Economic Snapshot | Unions and Labor Standards

Rich People Have Paid Sick Days. Poor People Do Not.

In the State of the Union address, President Obama proposed a right to earned paid sick leave for all workers in this country, and directed federal agencies to offer paid family leave to their workers. Family economic security is at risk when workers do not have access to paid leave. Currently, more than one-third of all workers—39 percent—have no paid sick days. When these workers get sick, they are forced either to go to work, or to stay home without pay and risk losing their job. Access to sick days is also vastly unequal. As shown in the figure below, workers at the top of the scale are nearly four times more likely to have sick days than workers at the bottom of the wage scale. Only one-in-five low-wage workers have paid sick days, compared with 87 percent of high-wage workers. These low-income workers are the ones who can least afford to lose pay when they are sick.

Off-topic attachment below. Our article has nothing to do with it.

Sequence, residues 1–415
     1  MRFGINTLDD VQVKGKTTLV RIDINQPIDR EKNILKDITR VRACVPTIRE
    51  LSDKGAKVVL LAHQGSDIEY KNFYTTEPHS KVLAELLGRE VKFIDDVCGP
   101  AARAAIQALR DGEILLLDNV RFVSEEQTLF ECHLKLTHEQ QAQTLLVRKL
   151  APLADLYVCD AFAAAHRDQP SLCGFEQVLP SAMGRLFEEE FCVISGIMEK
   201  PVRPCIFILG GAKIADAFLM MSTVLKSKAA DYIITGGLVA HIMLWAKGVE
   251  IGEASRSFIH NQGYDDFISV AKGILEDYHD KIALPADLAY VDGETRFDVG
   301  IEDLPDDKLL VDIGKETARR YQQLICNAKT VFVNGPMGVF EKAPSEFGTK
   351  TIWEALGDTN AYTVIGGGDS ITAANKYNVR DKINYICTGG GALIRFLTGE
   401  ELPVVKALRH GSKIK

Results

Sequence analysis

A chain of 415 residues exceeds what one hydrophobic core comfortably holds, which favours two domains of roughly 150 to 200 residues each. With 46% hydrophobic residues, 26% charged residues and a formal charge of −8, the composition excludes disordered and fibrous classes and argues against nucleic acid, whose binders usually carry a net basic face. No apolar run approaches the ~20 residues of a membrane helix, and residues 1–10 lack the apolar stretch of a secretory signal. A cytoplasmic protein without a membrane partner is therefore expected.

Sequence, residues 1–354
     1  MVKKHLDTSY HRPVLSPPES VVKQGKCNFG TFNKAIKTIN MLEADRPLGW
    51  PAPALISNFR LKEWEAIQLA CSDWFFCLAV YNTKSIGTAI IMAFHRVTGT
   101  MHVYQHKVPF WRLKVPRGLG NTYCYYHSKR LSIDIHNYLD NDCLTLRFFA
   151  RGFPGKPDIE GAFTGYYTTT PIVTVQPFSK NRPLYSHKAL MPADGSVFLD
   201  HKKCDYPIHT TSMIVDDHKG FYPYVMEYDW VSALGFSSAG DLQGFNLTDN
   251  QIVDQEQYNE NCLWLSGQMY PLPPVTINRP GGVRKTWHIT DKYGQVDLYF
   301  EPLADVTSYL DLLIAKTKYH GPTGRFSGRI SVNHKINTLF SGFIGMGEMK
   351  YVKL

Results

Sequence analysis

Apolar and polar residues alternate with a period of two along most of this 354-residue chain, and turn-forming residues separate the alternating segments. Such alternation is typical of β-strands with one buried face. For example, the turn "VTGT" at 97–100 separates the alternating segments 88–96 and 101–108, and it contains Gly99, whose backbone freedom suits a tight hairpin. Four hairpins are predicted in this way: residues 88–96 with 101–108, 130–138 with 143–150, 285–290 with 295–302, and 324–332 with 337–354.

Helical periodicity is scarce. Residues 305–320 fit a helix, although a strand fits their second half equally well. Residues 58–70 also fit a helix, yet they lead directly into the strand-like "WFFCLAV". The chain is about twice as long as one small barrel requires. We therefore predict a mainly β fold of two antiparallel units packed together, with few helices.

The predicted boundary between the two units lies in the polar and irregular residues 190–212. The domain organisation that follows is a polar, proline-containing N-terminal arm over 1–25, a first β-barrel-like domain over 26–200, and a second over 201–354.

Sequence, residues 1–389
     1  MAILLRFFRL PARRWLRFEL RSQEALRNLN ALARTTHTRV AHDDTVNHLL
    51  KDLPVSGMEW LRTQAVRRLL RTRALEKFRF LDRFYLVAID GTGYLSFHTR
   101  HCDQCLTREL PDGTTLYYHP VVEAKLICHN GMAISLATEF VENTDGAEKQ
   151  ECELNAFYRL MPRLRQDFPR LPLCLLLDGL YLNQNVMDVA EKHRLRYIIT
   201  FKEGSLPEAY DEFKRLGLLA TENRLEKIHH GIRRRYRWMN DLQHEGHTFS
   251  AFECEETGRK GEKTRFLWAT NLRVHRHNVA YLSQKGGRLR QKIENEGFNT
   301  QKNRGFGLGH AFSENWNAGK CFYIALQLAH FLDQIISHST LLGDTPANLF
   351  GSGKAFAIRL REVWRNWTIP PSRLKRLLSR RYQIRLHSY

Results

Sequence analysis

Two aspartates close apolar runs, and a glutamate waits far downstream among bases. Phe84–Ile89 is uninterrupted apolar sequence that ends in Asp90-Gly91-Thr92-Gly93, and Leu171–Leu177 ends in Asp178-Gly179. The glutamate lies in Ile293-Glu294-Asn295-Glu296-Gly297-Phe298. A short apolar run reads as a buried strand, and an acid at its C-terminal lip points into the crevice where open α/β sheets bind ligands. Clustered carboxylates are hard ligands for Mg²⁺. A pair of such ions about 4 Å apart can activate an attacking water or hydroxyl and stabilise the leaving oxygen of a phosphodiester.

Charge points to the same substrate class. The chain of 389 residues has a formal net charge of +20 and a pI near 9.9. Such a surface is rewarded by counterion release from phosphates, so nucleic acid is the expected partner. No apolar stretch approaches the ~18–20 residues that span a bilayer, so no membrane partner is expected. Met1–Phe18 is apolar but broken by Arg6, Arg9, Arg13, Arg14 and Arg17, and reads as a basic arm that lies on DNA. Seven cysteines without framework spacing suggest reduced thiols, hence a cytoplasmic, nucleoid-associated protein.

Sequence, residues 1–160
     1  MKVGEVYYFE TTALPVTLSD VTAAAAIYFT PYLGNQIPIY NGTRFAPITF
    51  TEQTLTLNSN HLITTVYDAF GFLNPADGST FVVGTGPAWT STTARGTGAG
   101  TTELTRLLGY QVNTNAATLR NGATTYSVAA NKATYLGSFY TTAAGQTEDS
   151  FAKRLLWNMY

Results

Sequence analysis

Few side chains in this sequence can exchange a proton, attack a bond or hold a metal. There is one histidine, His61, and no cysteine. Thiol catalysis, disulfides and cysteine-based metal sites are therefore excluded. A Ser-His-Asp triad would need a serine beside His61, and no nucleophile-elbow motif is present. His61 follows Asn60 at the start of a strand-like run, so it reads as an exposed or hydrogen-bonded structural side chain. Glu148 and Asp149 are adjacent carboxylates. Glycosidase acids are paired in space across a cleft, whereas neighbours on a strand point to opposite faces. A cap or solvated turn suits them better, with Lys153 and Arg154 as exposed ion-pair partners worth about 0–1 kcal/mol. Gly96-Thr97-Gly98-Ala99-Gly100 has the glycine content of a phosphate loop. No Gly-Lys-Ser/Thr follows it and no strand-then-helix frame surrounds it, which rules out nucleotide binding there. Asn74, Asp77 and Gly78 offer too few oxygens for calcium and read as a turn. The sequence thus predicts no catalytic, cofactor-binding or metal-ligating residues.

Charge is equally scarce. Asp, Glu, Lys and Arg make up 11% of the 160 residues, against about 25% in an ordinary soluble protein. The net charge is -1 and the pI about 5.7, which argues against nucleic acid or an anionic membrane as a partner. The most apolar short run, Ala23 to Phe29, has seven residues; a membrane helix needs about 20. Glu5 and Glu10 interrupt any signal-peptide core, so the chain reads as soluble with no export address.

Economic Snapshot

Rich People Have Paid Sick Days. Poor People Do Not.: Percent of private industry workers with access to paid sick days, by wage group, 2014

Category Share of workers who have access to paid sick days
Bottom 25% 30%
Second 25% 64%
Third 25% 73%
Top 25% 84%
Bottom 10% 20%
Top 10% 87%


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Source: Bureau of Labor Statistics' National Compensation Survey--Employee Benefits in the United States, March 2014 (Table 6).

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The United States is behind all of our economic peers in the world in terms of providing what should be a bare minimum standard: paid leave when workers are sick, have doctor’s appointments, or need to care for family members.

Opening paid sick days for those who currently don’t have them will mean stronger, healthier families. It will ensure that working parents do not have to choose between staying home with a sick child and going to work, and it will mean that sick employees don’t have to go to work sick, endangering their own health and the health of their colleagues and their customers.

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